INHALATION: Mucosal irritation and systemic poisoning EYES: Intense irritation and pain, swelling of conjunctiva, and corneal damage may occur. SKIN: Intense burning, loss of feeling, wrinkling, white discoloration, and softening. Gangrene may occur. INGESTION: Burning sensation in mouth and esophagus. Vomiting may result. Acute exposure by all routes may cause muscular weakness, gastroenteric disturbances, severe depression, collapse. Effects are primarily on CNS and edema of lungs. Injury of spleen and pancreas may occur.
Metacresol is contained as a preservative in almost all human insulin. It has been reported as a cause of allergic reaction due to injected insulin.
v Poison by ingestion, intravenous, intraperitoneal, and subcutaneous routes. Moderately toxic by skin contact. Severe eye and skin irritant. An experimental teratogen. Human mutation data reported. Questionable carcinogen with experimental neoplastigenic data. Flammable when exposed to heat or flame. Moderately explosive in the form of vapor when exposed to heat or flame. See also other cresol entries and PHENOL.
Cresol is used as a disinfectant and fumigant; as an ore flotation agent, and as an intermediate in the manufacture of chemicals, dyes, plastics, and antioxidants. A mixture of isomers is generally used; the concentrations of the components are determined by the source of the cresol.
m-Cresol has induced a few papillomas but no carcinomas in tumor studies.
UN2076 Cresols, liquid, Hazard class: 6.1; Labels: 6.1-Poisonous materials, 8-Corrosive material. UN3455 Cresols, solid, Hazard class: 6.1; Labels: 6.1- Poisonous materials, 8-Corrosive material.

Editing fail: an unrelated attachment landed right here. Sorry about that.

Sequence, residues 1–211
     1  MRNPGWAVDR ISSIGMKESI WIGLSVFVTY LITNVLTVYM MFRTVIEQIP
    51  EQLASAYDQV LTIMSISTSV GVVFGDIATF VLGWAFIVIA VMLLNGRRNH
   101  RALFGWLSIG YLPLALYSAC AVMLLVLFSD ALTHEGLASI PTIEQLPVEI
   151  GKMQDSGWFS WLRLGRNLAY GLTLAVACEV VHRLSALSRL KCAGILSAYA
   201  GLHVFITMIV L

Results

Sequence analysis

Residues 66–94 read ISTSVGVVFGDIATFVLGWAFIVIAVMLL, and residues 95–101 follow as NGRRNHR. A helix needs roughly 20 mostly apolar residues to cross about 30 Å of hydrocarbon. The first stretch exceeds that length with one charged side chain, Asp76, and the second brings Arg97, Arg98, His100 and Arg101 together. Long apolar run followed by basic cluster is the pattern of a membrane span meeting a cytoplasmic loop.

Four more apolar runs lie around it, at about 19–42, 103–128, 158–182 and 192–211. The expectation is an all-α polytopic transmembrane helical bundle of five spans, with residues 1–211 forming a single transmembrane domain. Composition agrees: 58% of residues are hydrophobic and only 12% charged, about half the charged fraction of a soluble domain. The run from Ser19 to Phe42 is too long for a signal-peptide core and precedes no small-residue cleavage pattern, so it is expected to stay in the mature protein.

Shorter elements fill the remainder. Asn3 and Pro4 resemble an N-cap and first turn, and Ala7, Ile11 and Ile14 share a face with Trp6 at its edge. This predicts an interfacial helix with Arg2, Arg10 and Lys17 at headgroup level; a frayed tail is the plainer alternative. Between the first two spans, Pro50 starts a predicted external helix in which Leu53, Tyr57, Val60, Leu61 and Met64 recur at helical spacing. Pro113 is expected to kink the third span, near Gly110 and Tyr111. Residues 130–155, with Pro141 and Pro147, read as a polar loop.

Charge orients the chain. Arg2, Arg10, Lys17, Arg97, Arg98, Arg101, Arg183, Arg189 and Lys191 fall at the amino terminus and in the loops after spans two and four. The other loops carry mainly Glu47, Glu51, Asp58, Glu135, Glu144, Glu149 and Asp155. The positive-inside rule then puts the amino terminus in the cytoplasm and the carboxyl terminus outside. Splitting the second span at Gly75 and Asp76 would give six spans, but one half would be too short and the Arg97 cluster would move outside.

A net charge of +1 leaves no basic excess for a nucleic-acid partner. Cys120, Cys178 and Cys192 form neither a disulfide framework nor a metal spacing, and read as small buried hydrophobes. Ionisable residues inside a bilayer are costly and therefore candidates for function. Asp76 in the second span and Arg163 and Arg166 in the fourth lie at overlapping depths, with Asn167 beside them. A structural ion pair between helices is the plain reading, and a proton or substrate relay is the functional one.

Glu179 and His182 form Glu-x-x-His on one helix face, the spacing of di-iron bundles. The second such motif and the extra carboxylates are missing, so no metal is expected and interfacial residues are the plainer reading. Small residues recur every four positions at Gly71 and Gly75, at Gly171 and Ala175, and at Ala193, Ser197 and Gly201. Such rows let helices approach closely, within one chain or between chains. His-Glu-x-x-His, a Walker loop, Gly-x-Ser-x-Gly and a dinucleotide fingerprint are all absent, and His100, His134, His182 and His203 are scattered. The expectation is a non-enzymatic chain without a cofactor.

Separation of the m-and p-cresols requires chemical methods, such as conversion to their sulfonates [Brüchner Anal Chem 75 289 1928]. An equal volume of H2SO4 is added to m-cresol, stirred with a glass rod until solution is complete. Heat for 3hours at 103-105o. Dilute carefully with 1-1.5 volumes of water, heat to boiling point and steam distil until all unsulfonated cresol has been removed. Cool and extract the residue with ether. Evaporate the solution until the boiling point reaches 134o and steam distil off the m-cresol. Another purification method involves distillation, fractional crystallisation from the melt, then redistillation. Free from p-cresol by solution in glacial acetic acid and bromination by about half of an equivalent amount of bromine in glacial acetic acid. The acetic acid is distilled off, then fractional distillation of the residue under vacuum gives bromocresols from which 4-bromo-m-cresol is obtained by crystallisation from hexane. Addition of the bromocresol in glacial acetic acid slowly to a reaction mixture of HI and red phosphorus or (more smoothly) of HI and hypophosphorus acid, in glacial acetic acid, at reflux, removes the bromine. After an hour, the solution is distilled at atmospheric pressure until layers are formed. Then it is cooled and diluted with water. The cresol is extracted with ether, washed with water, NaHCO3 solution and again with water, dried with a little CaCl2 and distilled [Baltzly et al. J Am Chem Soc 77 2522 1955]. The 3,5-dinitrobenzoate (prepared with 3,5-dinitrobenzoyl chloride in dry pyridine, and recrystallised from EtOH or aqueous Me2CO) has m 165o. [Beilstein 6 IV 2035.]
Vapors may form explosive mixture with air. Incompatible with strong acids; oxidizers, alkalies, aliphatic amines; amides, chlorosulfonic acid; oleum. Decomposes on heating, producing strong acids and bases, causing fire and explosion hazard. Liquid attacks some plastics and rubber. Attacks many metals.
Wastewaters may be subjected to biological treatment. Concentrations may be further reduced by ozone treatment. High concentration wastes may be destroyed in special waste incinerators.
m-Cresol Preparation Products And Raw materials
- 3,4-DIMETHOXYBENZOYL CHLORIDE
- 3-METHOXYBENZOYL CHLORIDE
- XYLENOL ORANGE
- Bromocresol Purple
- CHLOROPHOSPHONAZO III
- Cresol Purple
- Cresol Red
- Bromocresol green